My total projected figure – the 653 for Barnsley etc – will come as a shock to the local council there as they will have been told by DWP that the figure is much lower. Yet that is based on what up-to-date knowledge the DWP holds on every social and privately rented household – data they simply do not have.  The DWP also has a protocol in place to allow it to share this data with every local council BUT ONLY for social rented households and not for private rented households. As such every local council will have no idea of the numbers affected in the PRS in their areas!

So, in Barnsley, and everywhere else, councils will be wondering why they have been hit with a huge upsurge in homeless enquiries from private tenants who have received s21 eviction notices as private landlords seek to evict them.  In a few weeks a further upsurge in homeless presentations will occur from social housing tenants, who have suddenly seen their HB cut by a national average of £76 per week or £3,950 per year from today with the reduced overall benefit cap.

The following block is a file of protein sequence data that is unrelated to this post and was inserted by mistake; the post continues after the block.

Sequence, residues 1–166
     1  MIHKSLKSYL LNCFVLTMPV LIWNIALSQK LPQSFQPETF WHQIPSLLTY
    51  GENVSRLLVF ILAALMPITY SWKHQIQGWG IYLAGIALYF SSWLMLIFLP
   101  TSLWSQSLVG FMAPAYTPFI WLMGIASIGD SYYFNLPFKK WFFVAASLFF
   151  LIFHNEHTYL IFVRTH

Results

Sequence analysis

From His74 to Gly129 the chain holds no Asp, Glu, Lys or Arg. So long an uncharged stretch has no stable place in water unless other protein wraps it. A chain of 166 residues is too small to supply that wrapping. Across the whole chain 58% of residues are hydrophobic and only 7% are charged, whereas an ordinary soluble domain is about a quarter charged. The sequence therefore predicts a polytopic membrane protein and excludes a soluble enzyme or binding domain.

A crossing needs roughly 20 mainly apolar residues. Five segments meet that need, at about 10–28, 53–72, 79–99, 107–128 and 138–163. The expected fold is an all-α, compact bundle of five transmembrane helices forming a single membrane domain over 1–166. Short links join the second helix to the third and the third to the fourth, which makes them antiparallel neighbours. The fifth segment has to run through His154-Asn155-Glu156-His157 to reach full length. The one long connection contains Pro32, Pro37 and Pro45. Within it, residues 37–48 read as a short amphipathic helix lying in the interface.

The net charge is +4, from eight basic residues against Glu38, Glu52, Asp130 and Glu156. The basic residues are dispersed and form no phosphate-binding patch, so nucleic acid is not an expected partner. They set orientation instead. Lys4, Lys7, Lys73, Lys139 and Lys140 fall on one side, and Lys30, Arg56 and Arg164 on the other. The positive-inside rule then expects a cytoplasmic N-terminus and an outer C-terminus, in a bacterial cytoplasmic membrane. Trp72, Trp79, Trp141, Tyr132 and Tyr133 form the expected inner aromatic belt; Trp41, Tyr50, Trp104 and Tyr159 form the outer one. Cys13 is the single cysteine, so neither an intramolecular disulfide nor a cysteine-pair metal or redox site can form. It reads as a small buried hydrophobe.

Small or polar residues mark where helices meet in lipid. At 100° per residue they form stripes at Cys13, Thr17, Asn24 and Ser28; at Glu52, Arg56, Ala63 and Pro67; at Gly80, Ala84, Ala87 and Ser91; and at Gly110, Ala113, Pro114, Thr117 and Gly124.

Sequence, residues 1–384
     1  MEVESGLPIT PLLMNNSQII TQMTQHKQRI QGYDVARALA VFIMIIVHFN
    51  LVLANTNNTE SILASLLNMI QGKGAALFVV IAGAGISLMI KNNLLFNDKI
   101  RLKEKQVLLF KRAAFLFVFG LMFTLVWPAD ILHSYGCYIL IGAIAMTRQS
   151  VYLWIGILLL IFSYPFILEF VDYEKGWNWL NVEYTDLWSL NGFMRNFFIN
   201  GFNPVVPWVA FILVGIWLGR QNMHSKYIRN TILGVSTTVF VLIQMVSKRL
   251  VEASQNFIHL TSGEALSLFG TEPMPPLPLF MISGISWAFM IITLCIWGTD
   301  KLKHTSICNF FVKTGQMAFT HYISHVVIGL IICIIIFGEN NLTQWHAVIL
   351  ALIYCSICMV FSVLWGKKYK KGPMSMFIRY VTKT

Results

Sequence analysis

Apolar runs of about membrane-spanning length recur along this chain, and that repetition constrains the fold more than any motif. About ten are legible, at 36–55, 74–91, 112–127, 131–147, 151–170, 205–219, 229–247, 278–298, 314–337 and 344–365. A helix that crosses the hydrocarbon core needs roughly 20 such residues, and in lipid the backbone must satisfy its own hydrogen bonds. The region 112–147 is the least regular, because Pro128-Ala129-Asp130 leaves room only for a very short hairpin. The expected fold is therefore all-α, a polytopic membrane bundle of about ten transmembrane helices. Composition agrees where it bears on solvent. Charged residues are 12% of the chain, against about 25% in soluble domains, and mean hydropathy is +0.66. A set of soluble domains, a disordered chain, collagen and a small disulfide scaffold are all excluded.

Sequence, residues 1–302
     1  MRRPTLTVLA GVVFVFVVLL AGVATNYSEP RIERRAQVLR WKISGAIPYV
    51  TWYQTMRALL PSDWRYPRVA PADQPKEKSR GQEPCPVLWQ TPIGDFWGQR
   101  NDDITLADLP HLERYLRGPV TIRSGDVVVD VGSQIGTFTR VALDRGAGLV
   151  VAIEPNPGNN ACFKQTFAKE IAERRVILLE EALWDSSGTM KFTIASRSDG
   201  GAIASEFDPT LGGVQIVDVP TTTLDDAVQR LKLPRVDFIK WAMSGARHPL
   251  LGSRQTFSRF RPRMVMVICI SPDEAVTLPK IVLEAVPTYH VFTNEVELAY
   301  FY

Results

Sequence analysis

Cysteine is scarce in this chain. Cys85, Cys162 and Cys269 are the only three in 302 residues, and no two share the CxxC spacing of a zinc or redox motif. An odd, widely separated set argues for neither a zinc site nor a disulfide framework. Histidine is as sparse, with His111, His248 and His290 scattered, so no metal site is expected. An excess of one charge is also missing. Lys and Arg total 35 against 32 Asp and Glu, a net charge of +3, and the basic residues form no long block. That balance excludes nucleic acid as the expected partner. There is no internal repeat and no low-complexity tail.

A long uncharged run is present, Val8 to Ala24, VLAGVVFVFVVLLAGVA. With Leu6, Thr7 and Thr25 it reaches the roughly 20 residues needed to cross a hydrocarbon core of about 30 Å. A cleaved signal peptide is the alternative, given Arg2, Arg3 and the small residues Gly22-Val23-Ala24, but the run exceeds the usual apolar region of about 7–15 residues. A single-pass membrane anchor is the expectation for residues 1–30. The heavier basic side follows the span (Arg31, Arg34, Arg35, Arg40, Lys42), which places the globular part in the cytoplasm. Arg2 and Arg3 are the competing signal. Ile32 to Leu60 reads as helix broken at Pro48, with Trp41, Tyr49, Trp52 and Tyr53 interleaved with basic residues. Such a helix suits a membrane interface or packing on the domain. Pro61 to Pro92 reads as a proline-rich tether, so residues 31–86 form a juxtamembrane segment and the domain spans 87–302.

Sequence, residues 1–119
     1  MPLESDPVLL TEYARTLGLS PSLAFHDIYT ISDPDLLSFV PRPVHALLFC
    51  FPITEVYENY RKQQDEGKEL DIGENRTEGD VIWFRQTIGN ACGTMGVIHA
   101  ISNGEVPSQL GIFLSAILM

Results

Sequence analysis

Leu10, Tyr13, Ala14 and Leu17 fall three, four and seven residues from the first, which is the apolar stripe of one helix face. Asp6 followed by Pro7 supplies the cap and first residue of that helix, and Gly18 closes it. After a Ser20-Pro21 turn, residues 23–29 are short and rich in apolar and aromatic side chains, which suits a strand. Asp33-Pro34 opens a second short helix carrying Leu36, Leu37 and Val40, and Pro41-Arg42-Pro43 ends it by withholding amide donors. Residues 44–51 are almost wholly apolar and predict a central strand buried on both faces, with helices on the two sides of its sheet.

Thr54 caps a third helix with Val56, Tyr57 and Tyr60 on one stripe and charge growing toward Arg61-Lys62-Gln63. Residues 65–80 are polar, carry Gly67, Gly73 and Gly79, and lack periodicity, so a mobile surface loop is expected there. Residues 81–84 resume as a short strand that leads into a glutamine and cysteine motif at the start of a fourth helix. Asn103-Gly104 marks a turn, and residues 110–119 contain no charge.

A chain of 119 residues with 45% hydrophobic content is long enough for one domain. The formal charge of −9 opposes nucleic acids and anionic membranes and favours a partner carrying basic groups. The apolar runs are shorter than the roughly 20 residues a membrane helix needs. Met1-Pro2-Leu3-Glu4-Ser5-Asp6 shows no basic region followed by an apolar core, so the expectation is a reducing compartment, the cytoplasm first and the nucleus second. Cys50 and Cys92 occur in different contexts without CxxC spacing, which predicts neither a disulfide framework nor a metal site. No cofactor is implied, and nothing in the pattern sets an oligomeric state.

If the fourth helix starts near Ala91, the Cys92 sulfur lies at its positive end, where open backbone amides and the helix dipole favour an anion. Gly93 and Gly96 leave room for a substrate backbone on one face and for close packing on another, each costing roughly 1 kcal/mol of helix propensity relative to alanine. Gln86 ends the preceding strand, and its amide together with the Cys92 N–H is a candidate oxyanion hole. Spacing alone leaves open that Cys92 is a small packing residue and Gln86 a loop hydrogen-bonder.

The proverbial will hit the fan and will translate into a huge surge in homeless presentations and eviction cases and largely because more than 6 in every 7 households that are benefit-capped are not in receipt of Job Seekers Allowance or dole and thus able to work immediately; rather they will have an incapacity and be in receipt of ESA and thus unable to work at least immediately; or will be single parents with preschool age children and require child care provision to be able to take up work … should that employment exist.

This means that a further 300,000 to 400,000 new child care places have to magic up out of the ether to facilitate single parents being able to work (as well as work being available) then we can see this isn’t going to happen.